Boss Keloid Herb Your Enthusiasm

Tue 8th March 2016


/incoming/bossherb.jpgPreconceptions, I had a few. Having not heard Boss Keloid before but knowing of them, I wasn't sure what I was about to hear: half baked decade-too-late Iron Monkey worship? You can see why, but nope. Perhaps the dreg end of our national scene, where sub Pantera and Crowbar riffs played by knuckleheads, or stale bold stoner rock both pass as doom? Not sure why I thought they may be the case, but happily not either. In fact, Boss Keloid render a largely unique take on the modern standard, for which they really do gain my commendation. The problem is, it's not always for the best.

Take opener Lung Mountain, a slightly odd guitar accent opens, and reappears at intervals, welcome for its unusualness alone I suppose, and while my absolute first impressions beyond were of hackneyed metal, the track certainly grows on me. But the vocals grate, to the point I can't warm to anything else. They're too overreaching for my liking, part classic/traddish metal, part grunge. And yet there's still passages I truly enjoy here, the sledgehammer Conan-inspired latter riff, in particular, is excellent. The Disturbed-esque vocal histrionics right at the end though are unforgivable. When I'm thinking of nu-metal again, and the bad ends of it at that, on follower Haarlem Struggle (even if only fleetingly), then I'm backing away somewhat already.

But then comes Escapegoat, confident and truly impressive doom to throw my perceptions askew again. There are further strong points, Axis of Green has plenty of ingenuity swirling beneath, and the closing Hot Priest, while oddly bringing to mind Faith No More and Torpor simultaneously and unfathomably, is actually pretty good when I get my head round it. But too often between and throughout, it just doesn't settle, never consistently flowing. And ultimately, I keep getting stuck at the vocals, unable to see past, not at all to my musical tastes. And I use that word carefully, because it's not that I am offering an opinion that they're crap, far from it, just that if something doesn't sit right for you, and it's as central to the overall package, then it's going to severely impair your judgement of the whole.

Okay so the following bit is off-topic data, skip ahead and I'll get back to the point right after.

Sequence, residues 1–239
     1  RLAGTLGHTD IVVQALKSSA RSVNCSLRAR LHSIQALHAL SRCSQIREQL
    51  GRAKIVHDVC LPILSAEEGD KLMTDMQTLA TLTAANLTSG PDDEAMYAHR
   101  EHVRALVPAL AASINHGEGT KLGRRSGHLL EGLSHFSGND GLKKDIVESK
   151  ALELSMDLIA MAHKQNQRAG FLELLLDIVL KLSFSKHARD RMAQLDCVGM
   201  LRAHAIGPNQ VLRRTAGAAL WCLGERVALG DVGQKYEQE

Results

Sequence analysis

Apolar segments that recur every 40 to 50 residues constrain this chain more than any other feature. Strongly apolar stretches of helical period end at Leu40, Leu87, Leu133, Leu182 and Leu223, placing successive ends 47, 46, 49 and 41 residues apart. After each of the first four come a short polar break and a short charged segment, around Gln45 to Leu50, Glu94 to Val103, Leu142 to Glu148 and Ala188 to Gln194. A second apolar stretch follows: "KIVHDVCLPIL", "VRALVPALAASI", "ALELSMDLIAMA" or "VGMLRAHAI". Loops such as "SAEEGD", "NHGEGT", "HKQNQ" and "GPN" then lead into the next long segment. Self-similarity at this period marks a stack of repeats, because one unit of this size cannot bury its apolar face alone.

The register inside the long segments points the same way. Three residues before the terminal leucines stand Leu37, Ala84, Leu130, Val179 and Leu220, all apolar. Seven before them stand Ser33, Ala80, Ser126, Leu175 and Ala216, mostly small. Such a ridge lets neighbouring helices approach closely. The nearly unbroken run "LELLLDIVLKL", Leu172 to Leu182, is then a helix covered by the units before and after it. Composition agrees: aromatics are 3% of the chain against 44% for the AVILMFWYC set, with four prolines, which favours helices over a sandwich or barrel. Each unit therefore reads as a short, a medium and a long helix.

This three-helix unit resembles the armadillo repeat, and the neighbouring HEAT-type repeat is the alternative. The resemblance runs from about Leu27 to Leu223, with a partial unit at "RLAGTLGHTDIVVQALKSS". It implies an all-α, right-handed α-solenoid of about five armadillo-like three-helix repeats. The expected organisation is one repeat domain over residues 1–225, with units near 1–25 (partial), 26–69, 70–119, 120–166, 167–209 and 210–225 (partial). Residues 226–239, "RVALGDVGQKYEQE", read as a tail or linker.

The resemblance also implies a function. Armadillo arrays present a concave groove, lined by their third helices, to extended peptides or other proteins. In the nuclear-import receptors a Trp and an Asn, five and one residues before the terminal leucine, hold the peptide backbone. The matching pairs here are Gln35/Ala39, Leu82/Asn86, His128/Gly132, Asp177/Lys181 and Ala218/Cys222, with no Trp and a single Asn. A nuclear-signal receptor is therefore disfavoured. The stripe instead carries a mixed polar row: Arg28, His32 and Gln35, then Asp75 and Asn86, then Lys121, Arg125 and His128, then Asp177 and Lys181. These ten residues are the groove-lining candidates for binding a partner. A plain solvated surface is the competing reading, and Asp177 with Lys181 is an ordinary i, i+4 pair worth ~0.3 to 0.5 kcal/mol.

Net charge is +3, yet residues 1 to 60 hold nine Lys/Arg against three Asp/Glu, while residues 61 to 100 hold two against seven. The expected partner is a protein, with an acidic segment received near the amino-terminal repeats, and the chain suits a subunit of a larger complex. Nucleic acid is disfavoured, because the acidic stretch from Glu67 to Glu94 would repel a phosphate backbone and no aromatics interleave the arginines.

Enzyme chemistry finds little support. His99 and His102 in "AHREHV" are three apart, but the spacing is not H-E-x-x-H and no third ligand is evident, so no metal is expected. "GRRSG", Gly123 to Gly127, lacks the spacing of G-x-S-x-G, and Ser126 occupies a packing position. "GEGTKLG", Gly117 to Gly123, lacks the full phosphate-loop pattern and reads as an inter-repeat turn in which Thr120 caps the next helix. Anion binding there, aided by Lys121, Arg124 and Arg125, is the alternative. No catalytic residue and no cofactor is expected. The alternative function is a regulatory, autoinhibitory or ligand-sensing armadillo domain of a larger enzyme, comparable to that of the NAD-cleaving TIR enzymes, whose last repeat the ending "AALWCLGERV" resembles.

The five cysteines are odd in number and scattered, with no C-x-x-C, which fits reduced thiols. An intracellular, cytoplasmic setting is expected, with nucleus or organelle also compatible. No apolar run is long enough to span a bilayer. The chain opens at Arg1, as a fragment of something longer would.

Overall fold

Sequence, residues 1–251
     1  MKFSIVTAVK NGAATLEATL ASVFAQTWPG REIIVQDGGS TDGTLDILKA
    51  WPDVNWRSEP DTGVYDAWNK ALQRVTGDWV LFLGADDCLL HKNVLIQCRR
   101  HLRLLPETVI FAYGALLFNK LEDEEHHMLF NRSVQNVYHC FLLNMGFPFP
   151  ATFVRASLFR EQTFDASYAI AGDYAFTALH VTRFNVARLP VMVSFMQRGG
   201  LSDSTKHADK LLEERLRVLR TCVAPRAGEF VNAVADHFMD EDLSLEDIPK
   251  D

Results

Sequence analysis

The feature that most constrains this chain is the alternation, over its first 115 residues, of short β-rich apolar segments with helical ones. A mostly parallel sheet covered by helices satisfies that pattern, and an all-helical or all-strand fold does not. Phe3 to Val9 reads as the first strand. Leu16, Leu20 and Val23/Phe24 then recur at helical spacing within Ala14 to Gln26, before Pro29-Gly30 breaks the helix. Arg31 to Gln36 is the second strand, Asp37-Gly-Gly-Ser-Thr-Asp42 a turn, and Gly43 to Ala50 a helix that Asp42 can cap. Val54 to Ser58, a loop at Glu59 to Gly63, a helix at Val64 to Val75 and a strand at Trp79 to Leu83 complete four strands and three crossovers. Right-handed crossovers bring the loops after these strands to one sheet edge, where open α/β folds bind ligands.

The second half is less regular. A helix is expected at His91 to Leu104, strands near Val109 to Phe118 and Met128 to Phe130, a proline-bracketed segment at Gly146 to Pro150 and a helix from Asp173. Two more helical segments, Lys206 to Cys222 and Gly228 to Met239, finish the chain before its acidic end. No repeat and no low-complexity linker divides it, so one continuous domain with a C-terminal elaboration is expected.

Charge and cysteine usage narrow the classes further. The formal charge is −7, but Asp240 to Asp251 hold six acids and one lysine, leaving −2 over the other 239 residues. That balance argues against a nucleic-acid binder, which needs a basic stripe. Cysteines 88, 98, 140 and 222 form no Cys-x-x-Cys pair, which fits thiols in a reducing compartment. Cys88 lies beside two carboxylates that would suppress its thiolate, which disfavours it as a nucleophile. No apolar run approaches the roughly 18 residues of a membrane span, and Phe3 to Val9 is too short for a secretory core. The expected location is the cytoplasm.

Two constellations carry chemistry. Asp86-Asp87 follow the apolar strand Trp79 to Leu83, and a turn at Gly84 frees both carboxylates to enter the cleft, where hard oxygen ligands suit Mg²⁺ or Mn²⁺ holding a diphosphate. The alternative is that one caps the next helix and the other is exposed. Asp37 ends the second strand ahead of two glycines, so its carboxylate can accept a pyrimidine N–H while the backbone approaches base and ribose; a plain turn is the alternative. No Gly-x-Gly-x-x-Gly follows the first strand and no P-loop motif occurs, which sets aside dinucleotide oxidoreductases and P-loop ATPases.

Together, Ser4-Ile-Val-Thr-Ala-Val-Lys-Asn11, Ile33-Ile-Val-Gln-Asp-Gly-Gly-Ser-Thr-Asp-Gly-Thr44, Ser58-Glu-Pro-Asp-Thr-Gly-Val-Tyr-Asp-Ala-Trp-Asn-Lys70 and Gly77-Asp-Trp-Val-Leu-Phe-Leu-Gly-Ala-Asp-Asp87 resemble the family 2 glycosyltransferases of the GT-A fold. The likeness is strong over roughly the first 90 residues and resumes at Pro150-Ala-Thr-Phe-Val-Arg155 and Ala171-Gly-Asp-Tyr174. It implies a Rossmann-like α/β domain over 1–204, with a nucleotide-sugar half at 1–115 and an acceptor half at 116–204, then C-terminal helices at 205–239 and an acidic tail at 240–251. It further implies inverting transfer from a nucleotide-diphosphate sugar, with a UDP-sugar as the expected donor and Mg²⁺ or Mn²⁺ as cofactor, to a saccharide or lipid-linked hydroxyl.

Tonnes of invention, doom riffs, powerful vocals, varied late 90s influences mixing with modern stylings - I suspect (and I'm not saying this as a wuss-out sweeteener at the end of a less than glowing review, to enable me to pass this off as "constructive") there'll be a lot of love for this. And it will be deserved - individuality within such a confined and busy scene is a worthy accolade. It's just that, for me, there's a barrier to my enjoyment and even when I get past that, it doesn't always gel. True of all albums reviewed by anyone anywhere, but maybe more so here - go forth and listen. You may retract as I have, yet equally you may open your arms and welcome Boss Keloid into your life.


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